I think someone who buys a .44 Magnum is proud to be American, and this would come into play when choosing a car. That would mean a Cadillac – because this vehicle was ubiquitous throughout all three Dirty Harry movies, this ’76 Eldorado fits the bill perfectly.

Glock

When it comes to this piece of engineering excellence, I can think only of the F.B.I and authority. The reason they prefer this Austrian 9mm semi-automatic is for its reliability.

Compared to the cops and their Crown Vics, the F.B.I. would select something a little more exciting, a car relecting their bigger egos. They are known to go for black, and this understated Charger R/T speaks nothing but F.B.I.

Snub Nose .38 Police Special

snub

This cute little fella is the preferred weapon of choice by detectives and private eyes. The snub nose allows for easy concealment and the gun itself offers a decent amount of close range stopping power.

snubnose

Any undercover agent or private eye would choose a boring but popular car, something that blends in to its surroundings no matter it goes. There is nothing more boring than a grey Honda Accord – popular, featureless, the car equivalent of a chameleon.

So what gun would you choose, and does it reflect your choice of car?

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Wolf In Sheep’s Clothing: The Sleeper Car

Ford Granada Sleeper ZZZ ZZZ

Ford Granada Sleeper ZZZ ZZZ

You may or may not have heard of the term “Sleeper Car” before – to some it probably sounds like a camper van vehicle or caravan – however, a Sleeper Car is the complete opposite of the meaning derived from the word “Sleeper”.

As you’ve most likely guessed from the title, this type of vehicle is a bog standard car hiding and possessing enormous amounts of power under its coat.

Example: How great would it be to embarrass a Porsche at the lights in an old Mitsubishi Galant? How is this done? Mitsubishi are primarily known for their EVO cars, the ultimate turbo tuning machines. Despite this, their Galant VR4 (pretty standard in appearance) comes with 276 bhp stock, so with some tuning and performance upgrades at a relatively low cost, they can be boosted to around 600+ bhp.

Mitsubishi Galant VR4

Mitsubishi Galant VR4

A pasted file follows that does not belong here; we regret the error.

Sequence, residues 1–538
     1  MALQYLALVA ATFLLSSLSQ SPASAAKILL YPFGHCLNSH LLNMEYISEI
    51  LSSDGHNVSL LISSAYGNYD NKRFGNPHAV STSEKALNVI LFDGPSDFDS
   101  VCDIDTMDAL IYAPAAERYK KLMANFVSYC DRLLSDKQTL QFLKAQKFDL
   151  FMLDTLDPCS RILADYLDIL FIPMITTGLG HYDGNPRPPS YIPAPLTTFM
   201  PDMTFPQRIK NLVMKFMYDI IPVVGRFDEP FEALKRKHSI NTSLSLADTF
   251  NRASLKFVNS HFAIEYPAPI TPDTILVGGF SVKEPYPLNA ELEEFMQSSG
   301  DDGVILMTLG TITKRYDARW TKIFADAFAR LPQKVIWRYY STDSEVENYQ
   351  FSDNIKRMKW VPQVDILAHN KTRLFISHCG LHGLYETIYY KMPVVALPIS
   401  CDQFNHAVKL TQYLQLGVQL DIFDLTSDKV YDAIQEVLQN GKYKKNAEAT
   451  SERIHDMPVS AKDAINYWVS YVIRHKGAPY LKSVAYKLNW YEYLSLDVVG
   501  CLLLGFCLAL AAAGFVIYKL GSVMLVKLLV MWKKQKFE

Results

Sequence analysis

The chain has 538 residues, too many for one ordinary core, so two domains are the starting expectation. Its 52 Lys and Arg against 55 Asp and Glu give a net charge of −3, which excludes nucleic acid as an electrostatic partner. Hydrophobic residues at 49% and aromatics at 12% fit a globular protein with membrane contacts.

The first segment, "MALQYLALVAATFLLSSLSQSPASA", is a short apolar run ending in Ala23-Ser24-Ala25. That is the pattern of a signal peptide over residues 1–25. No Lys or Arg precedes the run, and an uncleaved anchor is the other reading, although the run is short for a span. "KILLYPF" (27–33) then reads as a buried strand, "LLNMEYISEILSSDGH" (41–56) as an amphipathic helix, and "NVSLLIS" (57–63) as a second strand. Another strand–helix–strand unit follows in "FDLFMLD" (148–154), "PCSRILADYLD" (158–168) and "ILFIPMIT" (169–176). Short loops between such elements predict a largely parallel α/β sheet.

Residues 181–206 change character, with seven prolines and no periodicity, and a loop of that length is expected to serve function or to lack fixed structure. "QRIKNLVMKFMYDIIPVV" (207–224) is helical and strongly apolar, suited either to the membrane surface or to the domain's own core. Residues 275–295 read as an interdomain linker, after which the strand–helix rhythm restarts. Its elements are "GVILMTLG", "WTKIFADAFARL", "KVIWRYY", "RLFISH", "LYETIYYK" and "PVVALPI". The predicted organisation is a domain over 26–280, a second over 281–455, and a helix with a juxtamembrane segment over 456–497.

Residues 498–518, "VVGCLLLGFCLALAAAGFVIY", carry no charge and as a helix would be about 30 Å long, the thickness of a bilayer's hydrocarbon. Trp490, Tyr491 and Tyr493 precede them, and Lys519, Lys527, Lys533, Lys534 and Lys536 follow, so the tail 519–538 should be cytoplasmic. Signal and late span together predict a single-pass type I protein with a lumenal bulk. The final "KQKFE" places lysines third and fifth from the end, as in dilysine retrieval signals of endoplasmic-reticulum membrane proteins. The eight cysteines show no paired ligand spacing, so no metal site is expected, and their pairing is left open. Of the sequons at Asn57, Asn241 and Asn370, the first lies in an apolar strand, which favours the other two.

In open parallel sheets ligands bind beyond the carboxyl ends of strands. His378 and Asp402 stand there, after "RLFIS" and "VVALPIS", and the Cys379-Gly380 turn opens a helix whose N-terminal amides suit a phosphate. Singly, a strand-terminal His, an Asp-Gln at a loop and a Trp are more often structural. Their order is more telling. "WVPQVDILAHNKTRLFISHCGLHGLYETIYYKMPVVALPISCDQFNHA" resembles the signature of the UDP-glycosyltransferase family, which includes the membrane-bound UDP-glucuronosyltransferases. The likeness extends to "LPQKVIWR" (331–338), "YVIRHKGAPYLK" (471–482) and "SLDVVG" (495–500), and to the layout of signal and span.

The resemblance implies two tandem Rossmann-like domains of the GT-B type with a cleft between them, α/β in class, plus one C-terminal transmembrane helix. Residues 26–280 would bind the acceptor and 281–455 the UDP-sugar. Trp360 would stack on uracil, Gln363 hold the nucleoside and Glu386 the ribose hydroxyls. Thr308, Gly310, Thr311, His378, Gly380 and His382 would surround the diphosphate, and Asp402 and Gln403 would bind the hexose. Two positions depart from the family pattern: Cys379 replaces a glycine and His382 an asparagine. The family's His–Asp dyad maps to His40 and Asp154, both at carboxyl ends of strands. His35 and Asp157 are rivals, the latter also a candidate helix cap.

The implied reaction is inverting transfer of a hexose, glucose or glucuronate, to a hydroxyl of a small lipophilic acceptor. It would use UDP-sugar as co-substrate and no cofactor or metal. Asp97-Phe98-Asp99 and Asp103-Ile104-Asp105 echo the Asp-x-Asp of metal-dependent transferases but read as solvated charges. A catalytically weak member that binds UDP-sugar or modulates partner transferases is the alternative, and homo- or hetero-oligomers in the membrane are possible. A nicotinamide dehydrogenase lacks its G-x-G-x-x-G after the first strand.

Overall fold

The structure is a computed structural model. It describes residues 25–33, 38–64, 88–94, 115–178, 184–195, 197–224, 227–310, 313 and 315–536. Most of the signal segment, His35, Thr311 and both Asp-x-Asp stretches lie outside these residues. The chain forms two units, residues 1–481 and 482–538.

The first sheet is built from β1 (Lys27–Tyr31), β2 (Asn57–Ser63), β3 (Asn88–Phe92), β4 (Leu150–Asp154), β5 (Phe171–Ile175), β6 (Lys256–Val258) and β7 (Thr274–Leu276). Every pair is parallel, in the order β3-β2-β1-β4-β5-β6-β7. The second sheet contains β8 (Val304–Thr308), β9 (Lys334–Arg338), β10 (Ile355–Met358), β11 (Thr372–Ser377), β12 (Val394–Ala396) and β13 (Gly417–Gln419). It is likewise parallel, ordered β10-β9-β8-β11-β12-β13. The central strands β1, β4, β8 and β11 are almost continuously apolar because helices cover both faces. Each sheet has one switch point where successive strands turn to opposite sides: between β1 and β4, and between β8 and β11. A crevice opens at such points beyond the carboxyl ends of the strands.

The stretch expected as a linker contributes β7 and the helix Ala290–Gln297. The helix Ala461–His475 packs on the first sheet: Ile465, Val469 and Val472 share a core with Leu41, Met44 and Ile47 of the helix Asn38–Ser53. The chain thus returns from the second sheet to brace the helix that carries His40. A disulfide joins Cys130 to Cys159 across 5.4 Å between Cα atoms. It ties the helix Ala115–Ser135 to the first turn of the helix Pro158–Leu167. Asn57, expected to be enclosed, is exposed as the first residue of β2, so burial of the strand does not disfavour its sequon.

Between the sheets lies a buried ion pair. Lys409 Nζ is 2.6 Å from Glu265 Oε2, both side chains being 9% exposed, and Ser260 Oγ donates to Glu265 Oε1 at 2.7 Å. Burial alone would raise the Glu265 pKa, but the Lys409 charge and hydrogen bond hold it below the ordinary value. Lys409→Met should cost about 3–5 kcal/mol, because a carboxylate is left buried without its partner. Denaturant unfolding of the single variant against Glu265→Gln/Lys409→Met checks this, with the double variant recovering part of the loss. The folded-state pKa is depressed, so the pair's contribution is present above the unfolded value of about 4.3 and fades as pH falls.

Depending on your budget, any car can be transformed into a Sleeper car. I recently watched an episode of Fast N’ Loud on Discovery where Richard Rawlings and Aaron Kaufman took an old ’59 Rambler Wagon (pic below), treated and clear coated its weathered body for effect, but installed a massive 4.8L Chevrolet V8 with an Edelbrock Carburettor and MSD direct ignition and disk brakes. From the outside it looked like an old truck, but a blip of the gas and it could shift tectonic plates.

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One problem you face boosting horsepower is hiding the upgrades needed to cope with the extra grunt. The main two are exhausts and brake callipers. Unless you purchase black callipers, simply paint them before installation. Exhausts are pretty simple if you can get under the car – ensure they are out of sight but still manage to function properly. Sports exhausts usually offer different styles, either for sound or performance. Try and pick one that offers optimum flow as well as offering a good amount of muffle – a deep rumbling exhaust suggests upgrades.

If you have bottomless pit of money to throw at car, check this Sleeper Car out for scaring pretty much any other potential racer at the lights. This is essentially an F1 powered Alfa 164 Procar. It was built in cooperation with Brabham and possess the only Alfa Romeo V10 ever built. This disguised Alfa produces 605 bhp at 12,000 rpm! – not sure what the insurance premium would be on this one.

Alfa Sleeper F1 Car

Alfa Sleeper F1 Car

The perfect wolf in sheep’s clothing.

Alfa Sleeper Car

Alfa Sleeper Car

My favourite and perhaps the ultimate Sleeper is “Farm Truck” from the TV show Street Outlaws – check out the video below and witness the power that old truck can lay down.

If you are thinking about creating a Sleeper Car with a small budget, aim for a small and light turbo car, something you can add a cold air intake and bigger exhaust to, also one in which an ECU tweak is viable. These three options can add as much as 60-80 bhp to a small turbo car, putting you in the same arena as the bigger sporty saloons.